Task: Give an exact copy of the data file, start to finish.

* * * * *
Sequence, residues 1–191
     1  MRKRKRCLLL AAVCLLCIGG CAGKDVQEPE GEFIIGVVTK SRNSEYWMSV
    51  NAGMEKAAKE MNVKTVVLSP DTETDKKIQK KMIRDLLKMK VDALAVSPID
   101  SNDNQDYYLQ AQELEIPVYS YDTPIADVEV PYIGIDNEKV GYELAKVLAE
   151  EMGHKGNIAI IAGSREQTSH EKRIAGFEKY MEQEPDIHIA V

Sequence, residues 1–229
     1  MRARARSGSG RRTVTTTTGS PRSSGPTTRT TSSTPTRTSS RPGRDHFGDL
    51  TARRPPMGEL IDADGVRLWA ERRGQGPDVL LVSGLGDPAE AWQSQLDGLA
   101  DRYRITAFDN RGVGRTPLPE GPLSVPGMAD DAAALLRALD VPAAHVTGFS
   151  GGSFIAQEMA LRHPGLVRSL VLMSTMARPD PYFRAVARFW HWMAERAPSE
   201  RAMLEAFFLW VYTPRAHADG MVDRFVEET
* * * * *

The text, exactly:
Sequence, residues 1–191
     1  MRKRKRCLLL AAVCLLCIGG CAGKDVQEPE GEFIIGVVTK SRNSEYWMSV
    51  NAGMEKAAKE MNVKTVVLSP DTETDKKIQK KMIRDLLKMK VDALAVSPID
   101  SNDNQDYYLQ AQELEIPVYS YDTPIADVEV PYIGIDNEKV GYELAKVLAE
   151  EMGHKGNIAI IAGSREQTSH EKRIAGFEKY MEQEPDIHIA V

Sequence, residues 1–229
     1  MRARARSGSG RRTVTTTTGS PRSSGPTTRT TSSTPTRTSS RPGRDHFGDL
    51  TARRPPMGEL IDADGVRLWA ERRGQGPDVL LVSGLGDPAE AWQSQLDGLA
   101  DRYRITAFDN RGVGRTPLPE GPLSVPGMAD DAAALLRALD VPAAHVTGFS
   151  GGSFIAQEMA LRHPGLVRSL VLMSTMARPD PYFRAVARFW HWMAERAPSE
   201  RAMLEAFFLW VYTPRAHADG MVDRFVEET